Redemption

2008 Geoff Bartley
Published by Joshua Omar's Music BMI
All Rights Reserved


Topical songwriter and veteran folk entertainer Tom Paxton www.tompaxton.com added lyrics to it in 2008. The new song is called Redemption Road and is 2009 Joshua Omar's Music, BMI and Pax Music, ASCAP.

I made up this instrumental in the spring of 2007 and recorded it a year later for the "Blackbirds in the Pie" CD on a (1994) National Style-O (a single-cone biscuit-bridge resonator guitar with a bell-brass body). It's played in Open G Tuning (from bass): D G D G B D, finger-style with some chords and melodic lines played fretted and other chords and melodic lines played using a glass slide. And, of course, it can be played on any kind of guitar.

In Open G Tuning, the note that makes the tuning major is on the 2nd string (the B string). So to make any major chord, bar across all six strings at any fret. To make any minor chord, bar across all six strings at any fret but fret the 2nd string (the B string) one fret lower (toward the tuning machines). There are several ways to do this, but make up your own way. That's what I did. (Hint: There are only three necessary notes. To make the first minor chord that occurs in Redemption, 1) fret the 5th string (the A string, which is now a G) at the 4th fret... it's the root of your new B minor chord. 2) Fret the 4th string (the D string and still a D) also at the 4th fret... it's the 5th in your new B minor chord. 3) Fret the 2nd string (the B string and still a B) at the 3rd fret... it's the flatted 3rd in your new B minor chord.) You'll be greatly relieved to know that all the minor chords in this tune are made this way.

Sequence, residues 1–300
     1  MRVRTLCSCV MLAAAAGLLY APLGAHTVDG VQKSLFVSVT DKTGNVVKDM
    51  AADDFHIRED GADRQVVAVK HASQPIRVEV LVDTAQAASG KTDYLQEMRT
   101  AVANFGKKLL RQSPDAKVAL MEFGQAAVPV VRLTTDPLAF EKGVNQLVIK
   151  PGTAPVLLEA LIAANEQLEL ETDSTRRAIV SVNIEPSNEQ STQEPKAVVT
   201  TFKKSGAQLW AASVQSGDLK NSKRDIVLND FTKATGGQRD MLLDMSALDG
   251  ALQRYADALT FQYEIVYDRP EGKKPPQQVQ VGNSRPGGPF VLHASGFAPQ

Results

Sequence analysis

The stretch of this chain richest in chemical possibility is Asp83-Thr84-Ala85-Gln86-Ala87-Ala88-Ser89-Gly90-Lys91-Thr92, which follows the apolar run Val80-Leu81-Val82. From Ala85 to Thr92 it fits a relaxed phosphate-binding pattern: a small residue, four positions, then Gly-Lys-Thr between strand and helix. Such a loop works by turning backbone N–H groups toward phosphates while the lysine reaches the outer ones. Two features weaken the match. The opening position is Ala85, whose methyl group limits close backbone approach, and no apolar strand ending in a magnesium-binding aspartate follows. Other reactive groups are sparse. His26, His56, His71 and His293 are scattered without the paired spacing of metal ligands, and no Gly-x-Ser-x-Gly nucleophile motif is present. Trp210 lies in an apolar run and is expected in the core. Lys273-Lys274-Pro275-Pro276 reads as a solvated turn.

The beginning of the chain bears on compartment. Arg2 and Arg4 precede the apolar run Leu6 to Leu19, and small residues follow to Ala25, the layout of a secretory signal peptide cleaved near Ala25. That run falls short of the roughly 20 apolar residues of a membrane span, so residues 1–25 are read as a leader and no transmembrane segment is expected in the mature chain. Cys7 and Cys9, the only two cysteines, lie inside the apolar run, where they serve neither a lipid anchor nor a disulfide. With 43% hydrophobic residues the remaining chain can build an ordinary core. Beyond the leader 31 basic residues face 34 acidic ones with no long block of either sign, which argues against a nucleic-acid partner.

CHOOSING A SLIDE I am currently the proud owner not only of the largest rubber lizard collection east of the Mississippi, but also of roughly 244,095,650,129,342 slides. To me, they're like little works of art in brass, steel, glass, ceramic, bone, some thick, some thin, most factory made, one or two hand-made. I recommend choosing a thick glass slide with smooth edges that's exactly as long as your pinkie finger and no longer. Put paper, fabric, or leather inside so it fits comfortably on your finger and doesn't flop around. Bonnie Raitt and others wear their slide on their ring finger (the one next to your "driving finger"), but I've always worn mine on my pinkie. Either way, the exact length lets you accurately put the slide on one string at a time (this is how Redemption starts). The thickness allows more of the slide's surface area to touch each string, and that results in better tone and volume. The smooth edges let you move the slide laterally from string to string if, like me, you sometimes put the slide on the wrong string. But don't listen to me. Instead, get a few slides and experiment. That's what I did. Gently restrain yourself from thinking too much or asking too many questions. Instead, pick up your guitar, tune, and play.



Put the Big Stone Down


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